A different metric has increasingly been proposed to represent premature mortality in the context of air pollution. This is the value of a statistical life year (VOLY, VSLY or VLYL), which arguably has a number of advantages over the VSL (e.g. Alberini et al. (2006)). The reader is referred to Rabl (2001) for further details. In order to compute the value of a statistical life year it is necessary to convert the probability changes of 1 in 1000 and 5 in 1000 into changes in life expectancy. For Europe, Rabl (2001) derives the changes in remaining life expectancy associated with the 5-in-1000-risk change over the next 10 years based on empirical life-tables. According to his calculations, the extension in life expectancy ranges from 0.64 to 2.02 months, depending on the person's age and gender, and averages 1.23 months (37 days) for a European sample Alberini et al. (2006). Similar figures were estimated for Brazil following Rabl (2001). The extension in life expectancy ranged between 0.12 and 1.92 for individuals aged between 40 and 70 years old. For an average individual in our sample (56 years old) this figure equals to 0.96 months or approximately 29 days.

To estimate the value of a life-expectancy extension of a month, we divided a respondent's willingness to pay by that respondent's life expectancy extension and re-estimated the Weibull double-bounded constant-only model. The resulting mean willingness to pay equates to US$1,329 per year for each month of additional life expectancy (total sample). Median willingness to pay by the same method is US$512 for a month of life expectancy gain. Because in our survey the payments would be made every year for ten years, the total willingness-to-pay figures for a life expectancy gain of one month are US$13,288 and US$5,116 respectively. The implied values of a statistical life year (VSLY) are US$ 159,456 and US$ 61,392, respectively.

 

5. CONCLUSION

Air pollution is one of the most serious environmental health risks in Brazil, particularly in São Paulo, the largest city in South America. The medical literature presents a number of studies linking air pollution with all-cause mortality and morbidity cases, suggesting that policies that aim to reduce air pollution can save lives by reducing the population's risk of death. Estimating the value of such benefit is a key input in to the estimation of the benefits and costs of policies that change individuals' probability of surviving.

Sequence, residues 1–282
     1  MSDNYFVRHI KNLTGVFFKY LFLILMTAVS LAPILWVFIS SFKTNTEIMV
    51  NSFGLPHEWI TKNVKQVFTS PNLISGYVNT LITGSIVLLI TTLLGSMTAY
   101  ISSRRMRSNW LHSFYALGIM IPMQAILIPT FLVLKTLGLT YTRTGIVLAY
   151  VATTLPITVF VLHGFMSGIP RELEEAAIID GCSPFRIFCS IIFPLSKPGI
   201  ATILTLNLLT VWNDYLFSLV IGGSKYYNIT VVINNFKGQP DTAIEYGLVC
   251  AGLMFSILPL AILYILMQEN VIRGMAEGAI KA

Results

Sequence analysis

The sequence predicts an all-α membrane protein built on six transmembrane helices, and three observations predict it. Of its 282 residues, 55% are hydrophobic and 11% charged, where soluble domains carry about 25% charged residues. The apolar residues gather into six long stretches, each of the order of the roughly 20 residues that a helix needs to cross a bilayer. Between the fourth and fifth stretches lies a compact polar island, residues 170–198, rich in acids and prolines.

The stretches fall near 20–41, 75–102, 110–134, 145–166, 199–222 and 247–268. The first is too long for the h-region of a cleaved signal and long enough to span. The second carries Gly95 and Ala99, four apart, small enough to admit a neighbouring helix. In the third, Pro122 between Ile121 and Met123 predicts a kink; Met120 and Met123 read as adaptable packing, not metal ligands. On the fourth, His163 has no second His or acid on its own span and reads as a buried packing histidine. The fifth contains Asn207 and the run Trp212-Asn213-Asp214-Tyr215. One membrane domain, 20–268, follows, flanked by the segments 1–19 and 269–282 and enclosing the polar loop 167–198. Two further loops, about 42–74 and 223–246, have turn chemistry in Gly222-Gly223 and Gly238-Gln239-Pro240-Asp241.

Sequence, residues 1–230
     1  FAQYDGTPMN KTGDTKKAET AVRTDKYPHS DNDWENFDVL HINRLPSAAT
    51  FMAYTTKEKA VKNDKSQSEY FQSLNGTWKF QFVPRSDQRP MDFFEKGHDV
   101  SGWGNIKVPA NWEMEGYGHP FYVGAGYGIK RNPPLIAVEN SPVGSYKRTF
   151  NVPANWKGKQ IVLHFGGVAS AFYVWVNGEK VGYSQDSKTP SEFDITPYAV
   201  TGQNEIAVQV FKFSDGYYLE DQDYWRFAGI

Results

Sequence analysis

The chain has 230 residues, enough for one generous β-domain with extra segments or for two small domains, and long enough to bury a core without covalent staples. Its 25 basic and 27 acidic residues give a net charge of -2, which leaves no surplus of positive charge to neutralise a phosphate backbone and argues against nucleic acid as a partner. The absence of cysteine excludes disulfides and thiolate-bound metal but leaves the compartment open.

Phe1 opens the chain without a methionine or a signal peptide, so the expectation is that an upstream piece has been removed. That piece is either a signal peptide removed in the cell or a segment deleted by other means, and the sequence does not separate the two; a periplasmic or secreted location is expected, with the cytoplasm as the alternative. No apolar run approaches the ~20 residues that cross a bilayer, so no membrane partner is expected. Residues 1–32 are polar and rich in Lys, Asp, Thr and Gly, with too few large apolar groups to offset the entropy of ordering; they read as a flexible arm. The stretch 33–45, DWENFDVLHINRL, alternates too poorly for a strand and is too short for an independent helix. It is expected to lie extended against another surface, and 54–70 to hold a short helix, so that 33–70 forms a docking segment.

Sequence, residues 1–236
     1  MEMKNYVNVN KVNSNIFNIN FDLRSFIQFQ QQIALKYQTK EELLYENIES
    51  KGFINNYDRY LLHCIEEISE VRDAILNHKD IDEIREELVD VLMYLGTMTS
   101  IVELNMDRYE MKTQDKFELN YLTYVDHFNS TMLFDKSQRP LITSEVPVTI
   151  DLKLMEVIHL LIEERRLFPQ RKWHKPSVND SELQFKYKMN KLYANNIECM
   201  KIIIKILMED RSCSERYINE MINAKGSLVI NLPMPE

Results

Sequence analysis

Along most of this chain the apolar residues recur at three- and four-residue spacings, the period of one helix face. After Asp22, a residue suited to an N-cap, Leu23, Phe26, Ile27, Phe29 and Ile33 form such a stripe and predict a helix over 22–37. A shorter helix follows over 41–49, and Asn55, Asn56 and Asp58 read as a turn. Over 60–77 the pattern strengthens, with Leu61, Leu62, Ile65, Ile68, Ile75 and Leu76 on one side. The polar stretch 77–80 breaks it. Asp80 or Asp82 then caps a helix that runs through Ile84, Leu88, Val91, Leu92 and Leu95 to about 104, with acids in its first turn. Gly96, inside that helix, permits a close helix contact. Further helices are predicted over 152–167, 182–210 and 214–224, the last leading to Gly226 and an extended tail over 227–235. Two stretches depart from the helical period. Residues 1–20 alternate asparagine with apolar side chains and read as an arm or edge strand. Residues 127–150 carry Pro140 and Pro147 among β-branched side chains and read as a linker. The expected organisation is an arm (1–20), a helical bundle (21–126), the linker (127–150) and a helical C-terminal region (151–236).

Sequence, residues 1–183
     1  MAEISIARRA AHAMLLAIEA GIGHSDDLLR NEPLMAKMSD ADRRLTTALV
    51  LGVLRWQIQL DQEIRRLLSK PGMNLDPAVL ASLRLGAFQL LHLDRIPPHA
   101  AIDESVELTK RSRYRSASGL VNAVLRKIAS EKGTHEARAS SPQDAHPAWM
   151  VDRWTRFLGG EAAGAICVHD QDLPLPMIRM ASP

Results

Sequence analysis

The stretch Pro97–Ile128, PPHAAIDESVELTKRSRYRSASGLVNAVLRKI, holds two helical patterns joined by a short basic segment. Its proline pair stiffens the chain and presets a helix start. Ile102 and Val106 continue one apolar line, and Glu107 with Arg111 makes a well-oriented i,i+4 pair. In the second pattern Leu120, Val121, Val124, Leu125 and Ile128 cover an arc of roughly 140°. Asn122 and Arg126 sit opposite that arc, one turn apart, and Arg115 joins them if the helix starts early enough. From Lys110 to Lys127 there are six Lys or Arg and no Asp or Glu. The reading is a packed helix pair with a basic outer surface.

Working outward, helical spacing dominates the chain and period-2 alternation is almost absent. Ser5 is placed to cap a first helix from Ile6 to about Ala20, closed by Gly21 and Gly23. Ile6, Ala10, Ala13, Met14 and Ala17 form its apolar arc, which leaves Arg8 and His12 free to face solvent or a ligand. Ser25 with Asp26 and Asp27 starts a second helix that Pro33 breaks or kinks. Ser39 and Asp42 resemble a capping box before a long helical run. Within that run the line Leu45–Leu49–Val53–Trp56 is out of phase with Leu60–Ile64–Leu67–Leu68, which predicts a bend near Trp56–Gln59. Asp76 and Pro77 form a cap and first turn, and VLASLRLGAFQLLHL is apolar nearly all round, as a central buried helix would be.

This study used a methodology developed in North America, and making use of a contingent valuation survey instrument that was designed to estimate the willingness to pay for reducing individual's risk of death. This instrument was adapted to the peculiarities of the Brazilian context and used to estimate the willingness to pay for different reductions in probabilities of death. The results suggest a value of a statistical life ranging between US$0.77 and 6.1 million, while our suggestion for policy analysis is to use a range between US$0.77 and 1.31 million. The suggested value of a life year ranged between US$61,392 and 159,456.

 

 

We do, however, attach a health warning to these results since a number of problems seem to suggest that our figures are higher than would be expected for a middle-income country like Brazil. The most important problem that could be identified in this study refers to the 'yeah-saying' behaviour observed in some of the respondents. The results using a sub-sample that does not include potential 'yeah-saying' respondents suggest a value of a statistical life ranging between US$0.41 and 0.49 million, and the value of a statistical life year ranging between US$34,729 and US$62,944. As in the studies for industrialised countries, we find problems in eliciting the willingness to pay for risks of the kind experienced through air pollution. The issues that need most attention are

(a) getting the idea of probabilities across to a wider section of the population and

(b) understanding why willingness to pay for different risk levels does not behave consistent with expectations.

However, the analysis of our results and problems faced during this valuation exercise lead us to think that this study could be helpful for future developments of contingent valuation studies in developing countries.